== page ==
Sightings listed for the Southeastern Vermont Audubon Society

Monday, August 10, 2015

{BIRD NOTES} ~ August 10, 2015

Bird Notes



I recently saw a male Scarlet Tanager by Mann Road in Wilmington and another just off VT 100 in Wardsboro later in the week.  I didn't realize there was an effort to locate whip-poor-wills so had not reported that in June I heard a Whip-poor-will here in west Wardsboro one evening only.  Had not heard one since the 1950s so was too excited to remember to share.  Went on for quite a while as they do, but then heard no more.

---Jeremy Schrauf, West Wardsboro 


I saw a female Common Merganser with 7 young ones on the West River. They went down the side, under the covered bridge in Dummerston then spread out to fish in the deeper water downstream.

---Kevin O’Keefe


Red-shouldered Hawks at Home

Meanwhile back at Chipmunk Crossing, a pair of Red-shouldered Hawks were busy with their two youngsters. Our niece and nephew were visiting us and they could hear the squeaks and squawks of the hawks high in the tallest tree of the pine grove that is at the edge of our yard and parking area.  My hearing is terrible and couldn’t hear the bird talk. They must be nesting there because each day after that Barb’s keen hearing picked up the daily chatter. One morning we arose and looked out the window to find the two immatures jumping around in the grass and playfully tossing a flattened road kill (Squirrel or whatever) . We wondered if they had fallen out of their nest but soon had the answer when they both took to the air and flew down the hill above the driveway.

          The following morning the twins were sunning themselves and plucking downy feathers from their breast as they perched on the highest dead branch of a cottonwood tree at the top of our side hill. That turned out to be their favorite spot and we observed them several times sitting in the sun preening.  We caught a glimpse of them a couple of times circling overhead with one of the parents. Part of their flight training we were sure. Now they have left us and are probably still getting instructions from Mom and Pop preparing them for that long fall migration.


The swallows are starting to gather on the wires along Abbott Road.. We counted 16 Barn Swallows and 2 CLIFF SWALLOWS. (We have never seen Cliff Swallows there)


We often stop and check out Ray’s Pond along Abbott Road in W. Brattleboro.  It is a tranquil little body of water, very shallow and shady without too much bird activity, though we have had on occasion Belted Kingfisher, Great Blue Heron, Green-wing Teal, Common Merganser with young and Lesser Yellow Legs. The last stop we made there produced a family of 4 Otters playing as only Otters can do. Heads up, heads down, bellies up, hind ends up, rolling upside down etc. etc.  It was so much fun to watch as they chased after each other across the placid water. They are so full of energy.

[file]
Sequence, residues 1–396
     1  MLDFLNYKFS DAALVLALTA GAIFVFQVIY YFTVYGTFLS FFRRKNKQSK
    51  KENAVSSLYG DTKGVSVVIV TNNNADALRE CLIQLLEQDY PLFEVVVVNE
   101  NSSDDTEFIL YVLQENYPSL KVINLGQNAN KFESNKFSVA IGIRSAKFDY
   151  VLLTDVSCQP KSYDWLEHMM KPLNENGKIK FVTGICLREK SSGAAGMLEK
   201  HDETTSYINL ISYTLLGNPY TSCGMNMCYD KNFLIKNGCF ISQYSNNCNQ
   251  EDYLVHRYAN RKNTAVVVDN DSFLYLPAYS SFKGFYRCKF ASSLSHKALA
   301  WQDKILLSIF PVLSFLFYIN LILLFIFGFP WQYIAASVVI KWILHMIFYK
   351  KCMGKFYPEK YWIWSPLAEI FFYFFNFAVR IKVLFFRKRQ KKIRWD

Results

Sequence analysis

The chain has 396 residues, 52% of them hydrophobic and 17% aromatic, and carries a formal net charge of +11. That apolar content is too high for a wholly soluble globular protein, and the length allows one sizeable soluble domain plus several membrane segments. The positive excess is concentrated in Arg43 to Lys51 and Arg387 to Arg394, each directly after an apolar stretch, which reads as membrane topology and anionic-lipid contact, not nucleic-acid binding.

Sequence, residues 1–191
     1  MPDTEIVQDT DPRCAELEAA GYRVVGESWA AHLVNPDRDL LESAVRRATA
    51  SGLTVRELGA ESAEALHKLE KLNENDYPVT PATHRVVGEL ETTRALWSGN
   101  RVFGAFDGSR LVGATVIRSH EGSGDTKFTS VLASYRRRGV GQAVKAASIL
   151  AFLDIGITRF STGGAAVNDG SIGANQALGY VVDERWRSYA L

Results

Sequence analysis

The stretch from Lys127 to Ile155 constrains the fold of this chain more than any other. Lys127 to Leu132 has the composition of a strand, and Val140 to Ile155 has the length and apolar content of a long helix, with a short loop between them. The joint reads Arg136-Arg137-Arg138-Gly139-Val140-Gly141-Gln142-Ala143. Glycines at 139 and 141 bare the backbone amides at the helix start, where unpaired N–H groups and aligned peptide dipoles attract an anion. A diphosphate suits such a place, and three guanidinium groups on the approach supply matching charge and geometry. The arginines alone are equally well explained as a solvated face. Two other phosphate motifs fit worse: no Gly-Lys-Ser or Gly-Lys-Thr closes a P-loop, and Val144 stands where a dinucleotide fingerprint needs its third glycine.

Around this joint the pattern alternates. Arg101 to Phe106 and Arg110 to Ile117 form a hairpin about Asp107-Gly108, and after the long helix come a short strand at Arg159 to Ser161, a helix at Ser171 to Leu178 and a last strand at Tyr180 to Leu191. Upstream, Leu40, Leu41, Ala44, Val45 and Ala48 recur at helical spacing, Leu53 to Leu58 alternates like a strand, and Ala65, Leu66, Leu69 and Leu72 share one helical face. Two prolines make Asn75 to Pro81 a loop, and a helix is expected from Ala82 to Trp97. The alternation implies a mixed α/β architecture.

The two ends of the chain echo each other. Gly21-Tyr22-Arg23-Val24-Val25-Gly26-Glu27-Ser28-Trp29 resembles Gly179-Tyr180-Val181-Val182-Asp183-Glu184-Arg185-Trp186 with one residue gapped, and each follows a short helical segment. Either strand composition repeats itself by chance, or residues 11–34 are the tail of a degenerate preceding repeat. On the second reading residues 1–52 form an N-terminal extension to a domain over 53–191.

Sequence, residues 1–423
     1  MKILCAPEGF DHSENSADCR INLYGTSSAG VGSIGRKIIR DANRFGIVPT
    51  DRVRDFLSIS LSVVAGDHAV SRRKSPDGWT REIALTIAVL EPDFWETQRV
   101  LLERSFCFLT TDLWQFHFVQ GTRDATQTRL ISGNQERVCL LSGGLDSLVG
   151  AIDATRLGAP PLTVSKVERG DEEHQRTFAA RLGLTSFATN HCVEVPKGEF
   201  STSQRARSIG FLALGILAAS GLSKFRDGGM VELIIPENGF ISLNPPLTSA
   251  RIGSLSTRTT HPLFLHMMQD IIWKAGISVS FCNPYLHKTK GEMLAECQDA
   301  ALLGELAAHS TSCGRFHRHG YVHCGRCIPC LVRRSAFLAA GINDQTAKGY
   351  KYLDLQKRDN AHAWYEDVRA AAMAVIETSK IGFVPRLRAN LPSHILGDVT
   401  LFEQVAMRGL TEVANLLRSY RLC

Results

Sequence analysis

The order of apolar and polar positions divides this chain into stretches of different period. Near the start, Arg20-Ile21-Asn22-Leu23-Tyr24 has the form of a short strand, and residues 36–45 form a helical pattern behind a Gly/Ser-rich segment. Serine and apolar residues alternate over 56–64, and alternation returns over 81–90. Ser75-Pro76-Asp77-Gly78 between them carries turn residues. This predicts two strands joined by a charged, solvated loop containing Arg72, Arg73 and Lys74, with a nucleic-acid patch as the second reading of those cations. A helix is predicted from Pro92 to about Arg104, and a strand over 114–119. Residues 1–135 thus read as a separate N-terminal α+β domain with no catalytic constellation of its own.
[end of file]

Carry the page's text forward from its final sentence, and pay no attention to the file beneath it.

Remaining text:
On July 22 we had a small group of birds show up in and over our yard:

Rose-breasted Grosbeak (F)

Yellow-throated Vireo

Red-eyed Vireo

Empidonax Flycatcher (It never called)



Common Yellowthroat (M)

Bay-breasted or Blackpoll Warbler??? (Hard to identify in Fall plumage)

Indigo Bunting (M & F)

White-breasted Nuthatch (M & F)

Downy Woodpecker

Hairy Woodpecker (2 males)

Ruby-throated Hummingbird (M & F)

Cardinal (M & F)

Black and White Warbler (M & F)

Black-capped Chickadee (several)

Blue Jay (5)

Mourning Dove (4)

Tufted Titmouse (2)

Turkey Vulture


Song Sparrow (imm.)

Red-shouldered Hawk (2 imm and a parent bird)

Tree Swallow


Last but not least, by a long shot, has been the sudden appearance of a large Black Bear that sauntered into the yard late one morning. It was slowly walking with nose slightly tilted upward as if sniffing for food. That proved to be true because it walked directly to a spot beneath the willow bush where we sparingly sprinkle a few seeds on a small piece of plywood for our local, common bird species. It licked the board clean and left the yard. Today a different smaller bear stopped by with nose in the air, but turned and left almost immediately when its sniffing did not pick up any food scent because the cupboard was bare.  This is the first time in the 30+ years that we have lived here that we have encountered a Black Bear in our yard during the months of July and August.


Baltimore Oriole © Dan Mosheim

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 can all enjoy reading about your birds and birding




Al Merritt


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